with refinement of the measurement models described below and in Appendix 2. This
included sensitivity analyses to evaluate the improvement of models achieved by
Neighborhood Archetypes: 10
recategorizing continuous variables as categorical or dichotomous indicators, combining
indicators, and dropping redundant indicators (see Appendix 2).
Urbanization is measured using density (population per square kilometer) and urbanicity
(or % rural) categorized as exclusively rural, exclusively urban (100% versus 0% rural
respectively), or mixed (suburban, exurban or urbanizing). Land-use patterns are
measured via mean block size, the number of intersections or “nodes,” and two measures
of walkability (the gamma and alpha index of street connectivity; Taaffe and Gauthier
1973). The quality and upkeep of neighborhood infrastructure is measured via the mean
value of the housing stock, percent owner-occupied dwellings, the mean housing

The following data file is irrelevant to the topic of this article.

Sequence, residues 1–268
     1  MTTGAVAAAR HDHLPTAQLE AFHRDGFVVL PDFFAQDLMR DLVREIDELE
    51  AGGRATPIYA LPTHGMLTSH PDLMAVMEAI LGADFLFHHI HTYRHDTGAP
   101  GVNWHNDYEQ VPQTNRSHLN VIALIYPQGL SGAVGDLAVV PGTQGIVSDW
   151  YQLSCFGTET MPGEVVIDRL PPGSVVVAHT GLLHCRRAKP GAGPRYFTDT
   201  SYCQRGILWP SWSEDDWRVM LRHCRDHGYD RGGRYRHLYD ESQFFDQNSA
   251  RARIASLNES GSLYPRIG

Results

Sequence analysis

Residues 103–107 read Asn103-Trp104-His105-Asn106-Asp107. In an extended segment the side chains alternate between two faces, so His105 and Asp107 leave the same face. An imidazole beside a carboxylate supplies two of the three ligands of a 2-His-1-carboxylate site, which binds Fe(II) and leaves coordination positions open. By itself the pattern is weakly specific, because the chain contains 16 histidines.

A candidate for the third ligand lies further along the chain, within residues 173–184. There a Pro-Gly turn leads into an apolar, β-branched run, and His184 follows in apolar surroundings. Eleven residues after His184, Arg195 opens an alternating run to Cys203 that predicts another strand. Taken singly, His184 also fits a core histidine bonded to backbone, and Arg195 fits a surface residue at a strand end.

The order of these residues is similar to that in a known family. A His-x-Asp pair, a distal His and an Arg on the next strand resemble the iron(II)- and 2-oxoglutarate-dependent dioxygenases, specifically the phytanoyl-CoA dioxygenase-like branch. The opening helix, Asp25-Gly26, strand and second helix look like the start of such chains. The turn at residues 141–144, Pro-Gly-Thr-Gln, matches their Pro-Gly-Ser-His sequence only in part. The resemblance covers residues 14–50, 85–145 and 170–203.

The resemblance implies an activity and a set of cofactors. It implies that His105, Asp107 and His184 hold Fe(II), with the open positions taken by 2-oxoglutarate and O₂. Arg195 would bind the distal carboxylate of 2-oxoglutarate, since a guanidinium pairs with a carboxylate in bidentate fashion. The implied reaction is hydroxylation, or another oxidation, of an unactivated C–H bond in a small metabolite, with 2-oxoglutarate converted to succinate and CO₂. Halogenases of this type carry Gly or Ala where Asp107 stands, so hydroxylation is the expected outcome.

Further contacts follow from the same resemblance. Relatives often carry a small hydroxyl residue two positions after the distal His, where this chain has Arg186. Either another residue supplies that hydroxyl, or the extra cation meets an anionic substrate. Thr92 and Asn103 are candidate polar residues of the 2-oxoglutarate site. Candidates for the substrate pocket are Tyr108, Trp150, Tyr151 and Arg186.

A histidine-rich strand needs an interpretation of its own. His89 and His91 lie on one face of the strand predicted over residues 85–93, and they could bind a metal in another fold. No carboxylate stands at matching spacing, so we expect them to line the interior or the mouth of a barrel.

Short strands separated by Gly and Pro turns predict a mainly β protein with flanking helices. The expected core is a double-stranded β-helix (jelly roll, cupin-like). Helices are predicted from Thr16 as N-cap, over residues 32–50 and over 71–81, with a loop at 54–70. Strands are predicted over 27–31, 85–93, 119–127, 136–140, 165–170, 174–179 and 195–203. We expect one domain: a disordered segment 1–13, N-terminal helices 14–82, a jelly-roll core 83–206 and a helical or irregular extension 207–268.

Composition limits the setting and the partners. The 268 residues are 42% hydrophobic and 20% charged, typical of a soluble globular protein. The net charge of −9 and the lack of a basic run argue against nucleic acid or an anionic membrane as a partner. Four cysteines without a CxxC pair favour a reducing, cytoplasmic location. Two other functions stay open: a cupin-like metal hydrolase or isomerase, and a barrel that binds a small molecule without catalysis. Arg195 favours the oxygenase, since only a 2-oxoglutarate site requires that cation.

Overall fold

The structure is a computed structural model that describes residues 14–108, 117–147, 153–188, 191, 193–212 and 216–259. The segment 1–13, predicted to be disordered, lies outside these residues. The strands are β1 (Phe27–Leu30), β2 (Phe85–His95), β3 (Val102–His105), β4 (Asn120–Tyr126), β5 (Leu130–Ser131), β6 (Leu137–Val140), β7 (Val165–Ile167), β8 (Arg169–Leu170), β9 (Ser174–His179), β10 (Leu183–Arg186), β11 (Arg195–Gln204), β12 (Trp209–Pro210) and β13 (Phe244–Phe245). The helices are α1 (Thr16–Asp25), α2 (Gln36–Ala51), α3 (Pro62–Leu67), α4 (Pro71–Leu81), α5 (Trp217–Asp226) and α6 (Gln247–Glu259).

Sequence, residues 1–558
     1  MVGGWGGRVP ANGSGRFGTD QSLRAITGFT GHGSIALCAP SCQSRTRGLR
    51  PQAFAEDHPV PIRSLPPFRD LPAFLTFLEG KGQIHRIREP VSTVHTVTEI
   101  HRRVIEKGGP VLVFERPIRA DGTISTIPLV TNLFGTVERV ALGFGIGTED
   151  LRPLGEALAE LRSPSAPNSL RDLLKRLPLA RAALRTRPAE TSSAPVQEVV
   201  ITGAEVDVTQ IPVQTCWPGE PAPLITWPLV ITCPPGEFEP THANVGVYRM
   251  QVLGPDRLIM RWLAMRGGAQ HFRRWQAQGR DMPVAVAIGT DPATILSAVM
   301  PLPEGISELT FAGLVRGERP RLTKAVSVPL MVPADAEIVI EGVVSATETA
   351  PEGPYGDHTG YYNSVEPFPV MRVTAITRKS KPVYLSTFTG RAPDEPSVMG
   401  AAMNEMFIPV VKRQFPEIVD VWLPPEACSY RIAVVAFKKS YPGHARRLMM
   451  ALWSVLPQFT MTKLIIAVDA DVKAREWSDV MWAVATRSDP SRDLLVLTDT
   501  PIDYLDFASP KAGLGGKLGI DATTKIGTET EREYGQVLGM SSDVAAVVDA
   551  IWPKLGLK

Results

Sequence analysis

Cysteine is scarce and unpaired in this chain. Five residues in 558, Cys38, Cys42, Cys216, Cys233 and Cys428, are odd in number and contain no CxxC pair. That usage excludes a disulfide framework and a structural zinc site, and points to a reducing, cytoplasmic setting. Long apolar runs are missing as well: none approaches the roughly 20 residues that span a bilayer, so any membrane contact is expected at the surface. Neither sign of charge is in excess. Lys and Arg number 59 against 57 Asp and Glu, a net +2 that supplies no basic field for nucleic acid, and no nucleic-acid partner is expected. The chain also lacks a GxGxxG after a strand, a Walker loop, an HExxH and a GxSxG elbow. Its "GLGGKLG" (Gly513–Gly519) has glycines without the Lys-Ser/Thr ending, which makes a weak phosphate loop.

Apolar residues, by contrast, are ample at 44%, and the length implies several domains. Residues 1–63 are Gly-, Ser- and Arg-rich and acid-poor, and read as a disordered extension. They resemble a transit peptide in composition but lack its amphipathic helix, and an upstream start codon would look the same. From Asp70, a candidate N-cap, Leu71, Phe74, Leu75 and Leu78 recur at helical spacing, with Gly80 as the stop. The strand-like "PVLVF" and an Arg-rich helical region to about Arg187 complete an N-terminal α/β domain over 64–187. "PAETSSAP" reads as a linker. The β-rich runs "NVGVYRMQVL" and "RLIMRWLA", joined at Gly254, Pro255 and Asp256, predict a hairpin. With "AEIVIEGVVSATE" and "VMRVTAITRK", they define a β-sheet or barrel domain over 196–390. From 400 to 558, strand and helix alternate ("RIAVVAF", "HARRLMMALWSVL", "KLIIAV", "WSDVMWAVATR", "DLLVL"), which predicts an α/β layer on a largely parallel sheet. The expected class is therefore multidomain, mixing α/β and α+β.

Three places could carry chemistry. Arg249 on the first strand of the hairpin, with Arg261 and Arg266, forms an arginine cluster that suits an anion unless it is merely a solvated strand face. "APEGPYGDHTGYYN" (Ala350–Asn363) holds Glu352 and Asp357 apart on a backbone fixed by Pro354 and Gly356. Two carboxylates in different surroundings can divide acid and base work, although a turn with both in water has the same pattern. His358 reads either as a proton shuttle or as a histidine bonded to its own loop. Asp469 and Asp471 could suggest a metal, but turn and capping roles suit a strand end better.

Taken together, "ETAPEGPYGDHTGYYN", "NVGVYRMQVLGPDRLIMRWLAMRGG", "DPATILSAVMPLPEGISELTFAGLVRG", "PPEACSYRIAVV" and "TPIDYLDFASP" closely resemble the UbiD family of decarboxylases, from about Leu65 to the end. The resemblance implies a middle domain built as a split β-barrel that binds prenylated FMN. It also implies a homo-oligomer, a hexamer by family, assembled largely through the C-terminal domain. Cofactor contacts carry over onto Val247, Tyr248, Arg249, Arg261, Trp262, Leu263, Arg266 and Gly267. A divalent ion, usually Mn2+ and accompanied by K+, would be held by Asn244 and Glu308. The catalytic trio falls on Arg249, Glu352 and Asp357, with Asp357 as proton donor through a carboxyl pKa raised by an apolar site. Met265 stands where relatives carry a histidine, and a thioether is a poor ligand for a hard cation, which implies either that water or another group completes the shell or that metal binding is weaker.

construction date, and percent vacant dwellings. Air quality (expressed by the
concentration of particulate matter smaller than 10 micrometers, or PM10) is included as
in indicator of environmental pollution, using a threshold for health compromising levels
of 50 ug/m3 PM10 (from yearly averages) based on previous findings (Daniels et al.
Migration and Commuting
Indicators of internal and external migratory patterns capture the relevance of instability
in the home environment (Wyly 1999) and are measured through residency and housing
turnover. Commuting patterns are a new dimension of the neighborhood in population